The TDF noted that despite the recent court wins, there are still “hundreds” of clients who are facing “potential fines and jail time for peacefully protesting or objecting to government overreach during COVID lockdowns.”

The TDF said that during COVID the government used the opportunity to enact “rights-infringing, overbroad laws.”

“Legislators and bureaucrats zealously enforced these laws against Canadians in an effort to secure compliance and suppress peaceful protest. Fortunately, The Democracy Fund (TDF) and its team of lawyers and paralegals, with the support of generous donors, fought back,” it said.

The TDF, founded in 2021, bills itself as a Canadian charity “dedicated to constitutional rights, advancing education and relieving poverty,” by promoting constitutional rights “through litigation and public education.”

In early July, LifeSiteNews reported that TDF lawyers helped get criminal charges against a Canadian man who participated in the pro-family 1 Million March 4 Children protest over radical LGBT ideology being taught in public schools dropped by the Crown.

Over the last couple of years, the TDF has been active in helping Canadians persecuted under COVID mandates and rules fight back. Notable people it has helped include Dr. Kulvinder Kaur Gill, an Ontario pediatrician who has been embroiled in a legal battle with the College of Physicians and Surgeons of Ontario (CPSO) for her anti-COVID views. She has also had the help of Elon Musk.

COVID vaccine mandates, which came from provincial governments with the support of the federal government, split Canadian society. The mRNA shots have been linked to a multitude of negative and often severe side effects in children.

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COVID-19

Court decision allows Trudeau gov’t to avoid accountability on COVID travel app, top legal group says

Published on

From LifeSiteNews

By Anthony Murdoch

Four Canadians who refused to comply with the government’s border surveillance program had charges against them withdrawn, but no determination was made on the constitutionality of forcing the unvaccinated to quarantine.

A constitutional legal group says a recent court decision to withdraw charges leveled against four men who refused to go along with a COVID border surveillance program means the federal government “escaped accountability” for rules that targeted jab-free Canadians.

“This outcome is bittersweet for each of our clients,” said Chris Fleury, an attorney for the Justice Centre for Constitutional Freedoms (JCCF), in a recent press release sent to LifeSiteNews.

“It is positive for each of them personally. On the other hand, they were deeply interested in seeking a determination of the constitutionality of the irrational and unscientific decision forcing unvaccinated Canadians to quarantine.”

Fleury noted that the court ruling means the federal government of Prime Minister Justin Trudeau has “again escaped accountability for Covid policy decisions that breached Canadians’ Charter rights.”

The JCCF said the City of Mississauga withdrew “five charges against four Canadians who refused to comply with ArriveCAN requirements at the Toronto Pearson International Airport.”

The federal government’s $59.5 million scandal-ridden ArriveCAN travel app was introduced in April 2020 and mandated in November 2020. The app was used to track the COVID jab status of those entering the country and to enforce quarantines when deemed necessary.

When the app was mandated, all travelers entering Canada had to use it to submit their travel and contact information as well as any COVID vaccination details before crossing the border or boarding a flight.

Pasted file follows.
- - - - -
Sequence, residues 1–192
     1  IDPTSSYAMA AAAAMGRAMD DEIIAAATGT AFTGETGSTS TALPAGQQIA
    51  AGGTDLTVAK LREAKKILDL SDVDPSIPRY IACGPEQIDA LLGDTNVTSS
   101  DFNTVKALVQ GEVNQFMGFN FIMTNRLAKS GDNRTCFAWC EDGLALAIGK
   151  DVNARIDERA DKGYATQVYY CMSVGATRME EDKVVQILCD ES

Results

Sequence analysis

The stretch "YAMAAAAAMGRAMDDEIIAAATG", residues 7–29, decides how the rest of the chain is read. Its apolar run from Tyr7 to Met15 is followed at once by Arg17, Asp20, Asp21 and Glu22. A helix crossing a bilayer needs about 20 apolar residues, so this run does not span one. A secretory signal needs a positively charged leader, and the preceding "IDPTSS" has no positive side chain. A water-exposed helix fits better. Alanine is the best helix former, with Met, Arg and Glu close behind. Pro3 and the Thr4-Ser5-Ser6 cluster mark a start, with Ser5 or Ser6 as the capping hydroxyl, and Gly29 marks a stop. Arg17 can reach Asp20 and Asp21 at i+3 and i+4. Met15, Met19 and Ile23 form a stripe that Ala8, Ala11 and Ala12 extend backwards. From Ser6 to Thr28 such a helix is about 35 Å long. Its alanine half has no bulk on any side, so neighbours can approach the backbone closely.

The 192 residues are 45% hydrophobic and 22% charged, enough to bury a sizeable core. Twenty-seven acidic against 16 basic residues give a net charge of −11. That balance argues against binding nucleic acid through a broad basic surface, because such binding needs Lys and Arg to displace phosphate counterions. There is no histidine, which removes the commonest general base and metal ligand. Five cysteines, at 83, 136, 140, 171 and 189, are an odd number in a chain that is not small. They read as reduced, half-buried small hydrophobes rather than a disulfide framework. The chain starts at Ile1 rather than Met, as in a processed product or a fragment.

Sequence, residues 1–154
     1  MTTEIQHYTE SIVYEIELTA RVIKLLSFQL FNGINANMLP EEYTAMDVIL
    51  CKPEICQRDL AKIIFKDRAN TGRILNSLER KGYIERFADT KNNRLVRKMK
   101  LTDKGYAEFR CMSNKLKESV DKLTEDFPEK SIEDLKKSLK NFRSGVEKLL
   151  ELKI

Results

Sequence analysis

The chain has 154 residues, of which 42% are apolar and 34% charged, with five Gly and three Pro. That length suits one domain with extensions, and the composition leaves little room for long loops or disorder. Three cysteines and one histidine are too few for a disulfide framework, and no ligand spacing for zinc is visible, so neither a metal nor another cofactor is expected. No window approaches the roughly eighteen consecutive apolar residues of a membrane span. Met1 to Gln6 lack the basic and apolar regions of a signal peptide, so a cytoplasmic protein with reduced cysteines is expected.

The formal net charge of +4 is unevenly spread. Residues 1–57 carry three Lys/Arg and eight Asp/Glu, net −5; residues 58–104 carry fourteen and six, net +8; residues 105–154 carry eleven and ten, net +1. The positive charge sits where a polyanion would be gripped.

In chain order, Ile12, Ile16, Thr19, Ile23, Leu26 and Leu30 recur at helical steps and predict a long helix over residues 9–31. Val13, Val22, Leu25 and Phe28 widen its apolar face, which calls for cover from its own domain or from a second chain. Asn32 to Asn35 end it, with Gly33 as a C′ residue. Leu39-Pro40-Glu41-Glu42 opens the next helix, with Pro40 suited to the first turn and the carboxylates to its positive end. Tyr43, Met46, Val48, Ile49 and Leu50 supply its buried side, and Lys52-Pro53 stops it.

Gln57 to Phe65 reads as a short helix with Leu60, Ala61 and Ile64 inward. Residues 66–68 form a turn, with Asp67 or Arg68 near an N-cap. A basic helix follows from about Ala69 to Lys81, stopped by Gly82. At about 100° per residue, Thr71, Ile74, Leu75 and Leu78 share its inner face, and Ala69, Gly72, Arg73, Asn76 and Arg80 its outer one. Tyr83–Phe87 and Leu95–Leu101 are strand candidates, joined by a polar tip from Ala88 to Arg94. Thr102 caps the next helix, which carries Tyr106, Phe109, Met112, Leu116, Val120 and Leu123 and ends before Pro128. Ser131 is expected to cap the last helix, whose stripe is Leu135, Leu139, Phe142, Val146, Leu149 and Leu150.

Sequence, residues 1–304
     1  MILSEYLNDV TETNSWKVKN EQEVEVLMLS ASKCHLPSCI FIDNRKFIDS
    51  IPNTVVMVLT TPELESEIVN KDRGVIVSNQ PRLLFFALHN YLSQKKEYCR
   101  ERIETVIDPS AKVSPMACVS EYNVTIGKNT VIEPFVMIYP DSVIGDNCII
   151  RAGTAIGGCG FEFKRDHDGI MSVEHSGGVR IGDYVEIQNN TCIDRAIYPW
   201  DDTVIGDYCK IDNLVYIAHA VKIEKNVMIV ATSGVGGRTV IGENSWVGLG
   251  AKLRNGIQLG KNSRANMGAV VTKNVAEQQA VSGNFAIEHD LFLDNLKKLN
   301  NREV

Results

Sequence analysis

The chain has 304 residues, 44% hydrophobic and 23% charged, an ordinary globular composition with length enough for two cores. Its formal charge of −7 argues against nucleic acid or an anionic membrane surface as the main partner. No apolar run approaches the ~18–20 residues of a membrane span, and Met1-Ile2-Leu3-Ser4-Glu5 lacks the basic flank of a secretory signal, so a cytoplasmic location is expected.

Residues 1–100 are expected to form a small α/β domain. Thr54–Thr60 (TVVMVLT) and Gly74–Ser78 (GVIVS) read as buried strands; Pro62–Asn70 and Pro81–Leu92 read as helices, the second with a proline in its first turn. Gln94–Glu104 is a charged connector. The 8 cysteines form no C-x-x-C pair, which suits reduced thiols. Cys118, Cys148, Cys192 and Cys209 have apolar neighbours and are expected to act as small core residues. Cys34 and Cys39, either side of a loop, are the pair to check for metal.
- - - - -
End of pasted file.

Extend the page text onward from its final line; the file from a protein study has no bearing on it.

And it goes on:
In February, LifeSiteNews reported that Conservative Party MPs accused the Canada Border Services Agency (CBSA) of lying to Parliament over sweetheart contracting approvals concerning ArriveCAN.

Man revealed COVID jab status after breaking down under ‘pressure,’ then hit will $5,000 fine

“After arriving in Toronto from the Netherlands, Mr. Sly-Hooten felt that his personal medical information should remain private and chose not to disclose his vaccination status via ArriveCAN. In response, Peel Regional Police and Public Health Agency of Canada personnel detained him,” the JCCF said.

The JCCF added that “under pressure” and without any “counsel,” Sly-Hooten “broke down and revealed his vaccination status.”

“He received a $5,000 ticket for violating the Quarantine Act and was ordered to quarantine in his home for 14 days,” the JCCF explained.

The JCCF noted that it was able to help Sly-Hooten launch a constitutional challenge “against ArriveCAN, citing his right to liberty, his right to be protected from unreasonable search and seizure, his right to be free from arbitrary arrest and detention, and his right to counsel after arrest and detention – all protected by the Canadian Charter of Rights and Freedoms.”

Other withdrawn tickets include those issued to Mark Spence, Aaron Grubb, and Evan Kraayenbrink.

The JCCF noted that, like Sly-Hooten, “each were charged for choosing not to provide information via ArriveCAN and were ordered to quarantine for 14 days.”

“Prosecutors have withdrawn the charges because they believe it is not in the public interest to expend further resources on a trial,” the JCCF said. “This outcome follows a similar pattern of ArriveCAN-related charges being dropped before their trials in what appears to be an attempt to shield the controversial program from constitutional scrutiny. In other words, charges are being dropped before the merits of constitutional challenges to ArriveCAN can be heard by the courts.”

Canadians were told ArriveCAN was supposed to have cost $80,000, but the number quickly ballooned to $54 million, with the latest number showing it cost $59.5 million.

The app itself was riddled with tech glitches along with privacy concerns from users.

Canadian Auditor General Karen Hogan announced an investigation of ArriveCAN in November 2022 after the House of Commons voted 173-149 for a full audit of the controversial app.

The House of Commons Standing Committee on Government Operations and Estimates (OGGO) is investigating how various companies such as Dalian, Coaradix, and GC Strategies received millions in taxpayer dollars to develop the contentious quarantine-tracking program.